When it comes to starting a business, there are a wide array of issues to consider. How will you scale your idea? How will you go about acquiring customers? How will you let potential customers know about you? Oftentimes, one of the last issues an entrepreneur considers is the legal structure. But if you want your business to survive long-term, it is something you need to think about sooner than later. Today, I will discuss one option for a business formation called the Limited Liability Company or “LLC.”
The biggest advantage of the LLC lies in the liability protection its member(s) are afforded. Members in an LLC enjoy the same protection from potential lawsuits as shareholders in a corporation without having to observe all the corporate formalities. As a member of an LLC, property you own individually is protected. No matter what happens in the company, nobody can come after your house, your car, or your individual bank account for the company’s negligence or its debts.
Another great benefit of the LLC form is the ease of formation and the lack of record keeping requirements and formalities like shareholder meetings corporations are required to observe. You can obtain and download the forms to start an LLC or even complete them online at www.pabizonline.com. However, keep in mind that forming an LLC is merely the first step. I recommend having an attorney draft the operating agreement. Sure, you can probably download an operating agreement online also, but I don’t recommend using a form operating agreement to chart your company’s future any more than I’d recommend using an owner’s manual for a GMC to figure out how to operate a Toyota.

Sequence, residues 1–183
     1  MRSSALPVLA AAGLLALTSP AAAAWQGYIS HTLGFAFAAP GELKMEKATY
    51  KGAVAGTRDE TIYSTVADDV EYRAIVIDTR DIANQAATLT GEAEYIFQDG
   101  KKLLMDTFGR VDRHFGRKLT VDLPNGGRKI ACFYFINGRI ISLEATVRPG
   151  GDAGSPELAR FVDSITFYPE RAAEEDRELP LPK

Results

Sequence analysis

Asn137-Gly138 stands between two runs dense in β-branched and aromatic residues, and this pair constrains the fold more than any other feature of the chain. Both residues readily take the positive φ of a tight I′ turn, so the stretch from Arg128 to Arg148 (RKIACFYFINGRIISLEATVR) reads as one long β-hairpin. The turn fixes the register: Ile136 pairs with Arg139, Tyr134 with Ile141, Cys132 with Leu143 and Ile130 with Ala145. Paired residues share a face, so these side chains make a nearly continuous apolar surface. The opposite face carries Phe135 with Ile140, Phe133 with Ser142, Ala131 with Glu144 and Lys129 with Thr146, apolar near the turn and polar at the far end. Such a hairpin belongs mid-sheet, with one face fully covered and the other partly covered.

For small businesses, there aren’t many. The LLC is the entity of choice in most situations. However, in Pennsylvania, it is not the entity of choice to hold and develop real estate that may appreciate significantly in value. It is also limited in the number of members it may have so you cannot “take it public.”
As far as the IRS is concerned, the LLC is a “disregarded entity.” This means that the IRS will treat a one-member LLC as a sole proprietorship and a multi-member LLC as a partnership. Members will pay “self-employment tax” on their income. However, members can elect to be taxed as an S-Corporation at the time of or within sixty days of formation. Members can realize significant tax savings through this election, but it comes at a cost. Members must put themselves on payroll as employees of the LLC and may only take profits from the LLC quarterly. I recommend S-Corp taxation for LLCs that can count on a reliable revenue stream.
To decide whether an LLC is the right business form for your company, call our Yardley office at 215-493-8287 or send us an email HERE –We will be happy to get you started or discuss your options.